This week, my sorority (am I basic enough for ya?) has been working on our upcoming Shamrock n’ Run 5K nonstop. We yell at people in the pit, tweet incessantly, beg our friends to buy shirts (seriously though hit me up if you want one), and host hot-dog-themed benefit nights. As a senior, we have the “privilege” of getting to run in the race instead of working the event on race day. Everyone is so excited to run the 5K, and I’m over here like…
You’ve probably heard of the term “runner’s high.” I’m here to tell you about a lesser-known phenomenon: the runner’s low.
The runner’s low is what happens when a girl who thought she was fit because she does Zumba a lot tries to go for a jog.
At some point during childhood, almost everyone learns how to run. I, however, quit sports when I was 10 years old and never looked back. I’ve always held a firm belief that sports are for people who secretly hate themselves.
Plus, nobody’s about to go for a jog in pointe shoes.
A few months ago, I decided to sign up for a different 5K with some of my friends. We all agreed that we were going to walk the course (and thus have a lovely time). As we arrived at the race, one of my annoyingly fit friends suggested that we run the first mile.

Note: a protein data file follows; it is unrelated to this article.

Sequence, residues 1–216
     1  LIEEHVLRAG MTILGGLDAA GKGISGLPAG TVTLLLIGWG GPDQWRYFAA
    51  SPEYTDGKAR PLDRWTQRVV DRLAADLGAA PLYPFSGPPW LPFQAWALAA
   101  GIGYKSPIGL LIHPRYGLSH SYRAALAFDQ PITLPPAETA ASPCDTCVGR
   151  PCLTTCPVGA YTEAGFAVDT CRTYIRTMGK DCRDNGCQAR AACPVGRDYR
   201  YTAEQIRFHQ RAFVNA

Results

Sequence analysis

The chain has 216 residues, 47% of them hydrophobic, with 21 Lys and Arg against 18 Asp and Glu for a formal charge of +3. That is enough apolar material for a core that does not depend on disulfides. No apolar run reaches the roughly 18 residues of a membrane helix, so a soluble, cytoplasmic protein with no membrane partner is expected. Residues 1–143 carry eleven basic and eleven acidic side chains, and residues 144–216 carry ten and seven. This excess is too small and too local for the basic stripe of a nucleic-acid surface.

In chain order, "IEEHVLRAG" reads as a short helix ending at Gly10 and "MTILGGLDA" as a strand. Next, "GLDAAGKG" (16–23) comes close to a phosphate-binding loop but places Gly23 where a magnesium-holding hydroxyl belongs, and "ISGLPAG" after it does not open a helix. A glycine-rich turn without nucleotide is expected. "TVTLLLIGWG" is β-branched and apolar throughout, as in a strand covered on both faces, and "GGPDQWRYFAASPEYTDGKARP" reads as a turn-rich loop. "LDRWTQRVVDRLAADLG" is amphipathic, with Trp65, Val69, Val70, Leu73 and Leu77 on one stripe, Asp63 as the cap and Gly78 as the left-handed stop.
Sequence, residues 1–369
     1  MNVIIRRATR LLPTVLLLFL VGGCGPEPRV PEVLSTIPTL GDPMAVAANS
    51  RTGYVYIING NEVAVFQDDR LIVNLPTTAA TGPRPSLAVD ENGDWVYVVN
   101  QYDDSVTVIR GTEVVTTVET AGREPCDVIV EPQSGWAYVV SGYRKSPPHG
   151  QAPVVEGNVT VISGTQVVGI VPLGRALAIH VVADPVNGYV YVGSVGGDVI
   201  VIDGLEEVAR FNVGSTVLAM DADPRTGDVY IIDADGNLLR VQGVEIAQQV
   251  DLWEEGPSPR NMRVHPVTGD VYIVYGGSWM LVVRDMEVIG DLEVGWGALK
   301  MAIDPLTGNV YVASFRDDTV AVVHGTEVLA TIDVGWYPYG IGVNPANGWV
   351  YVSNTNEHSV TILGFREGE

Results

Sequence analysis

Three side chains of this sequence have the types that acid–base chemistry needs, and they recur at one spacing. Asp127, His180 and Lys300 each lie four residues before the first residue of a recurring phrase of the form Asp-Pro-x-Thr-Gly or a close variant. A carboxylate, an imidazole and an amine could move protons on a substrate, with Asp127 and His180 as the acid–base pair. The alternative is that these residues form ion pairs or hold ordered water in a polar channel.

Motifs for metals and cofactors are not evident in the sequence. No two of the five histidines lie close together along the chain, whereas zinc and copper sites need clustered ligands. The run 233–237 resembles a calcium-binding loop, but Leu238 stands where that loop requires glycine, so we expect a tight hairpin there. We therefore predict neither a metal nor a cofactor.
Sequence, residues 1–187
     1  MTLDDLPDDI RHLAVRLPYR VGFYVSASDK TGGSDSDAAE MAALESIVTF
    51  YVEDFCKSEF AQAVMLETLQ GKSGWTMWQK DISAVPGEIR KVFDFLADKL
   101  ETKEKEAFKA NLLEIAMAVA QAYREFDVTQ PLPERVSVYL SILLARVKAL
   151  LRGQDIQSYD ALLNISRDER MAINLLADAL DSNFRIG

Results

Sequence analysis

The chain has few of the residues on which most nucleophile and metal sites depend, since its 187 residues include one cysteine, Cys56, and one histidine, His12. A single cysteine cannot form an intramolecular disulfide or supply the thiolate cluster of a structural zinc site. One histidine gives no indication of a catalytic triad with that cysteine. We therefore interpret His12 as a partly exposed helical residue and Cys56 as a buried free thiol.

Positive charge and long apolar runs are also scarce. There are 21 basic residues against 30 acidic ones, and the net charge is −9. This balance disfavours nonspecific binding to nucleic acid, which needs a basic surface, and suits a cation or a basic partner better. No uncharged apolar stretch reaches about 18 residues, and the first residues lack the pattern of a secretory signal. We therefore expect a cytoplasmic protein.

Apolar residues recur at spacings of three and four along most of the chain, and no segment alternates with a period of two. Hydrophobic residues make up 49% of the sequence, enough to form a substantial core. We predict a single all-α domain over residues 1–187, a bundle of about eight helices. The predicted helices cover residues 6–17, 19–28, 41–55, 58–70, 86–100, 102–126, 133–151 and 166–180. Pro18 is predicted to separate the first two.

Note: I have not run a mile since 9th grade P.E.
Not wanting to walk alone or waste the $20 I spent on my t-shirt and runner bag, I begrudgingly agreed to run the first mile (AND NO MORE). So we ran the first mile and BOY was I proud of myself for not passing out or throwing up.
“Phew, that’s over. Now we can walk!” I thought. And then everything was wonderful as we headed up the hill in Gimghoul Circle. Just chatting, laughing, having a grand ole time.
Until THEY ALL STARTED RUNNING AGAIN. It was like they used some sort of twisted telepathy to tell each other to pick up the pace (did I mention I had bronchitis? Because I did).
Here’s something you should know about me: I do not do things I hate. And I hate running. So I did not do it. I walked home from there (honestly probably ended up walking more than a 5K) and fumed in my room for like 10 minutes…
…and then we all had pancakes and everything was right in the world. So I didn’t lose any friends THAT time, but who’s to say I won’t if I try to run next week?
Which leads me to my conclusion: Although I wouldn’t run this 5K under any circumstances (unless those circumstances involved, say, receiving $100 at the finish line), YOU should! Or you can walk it with me… I’ll probably be the one holding up the rear.
Even if you absolutely abhor running, Shamrock is an awesome event that benefits the Durham Center for Child and Family Health and Prevent Child Abuse America. Check out our Facebook event page to learn more!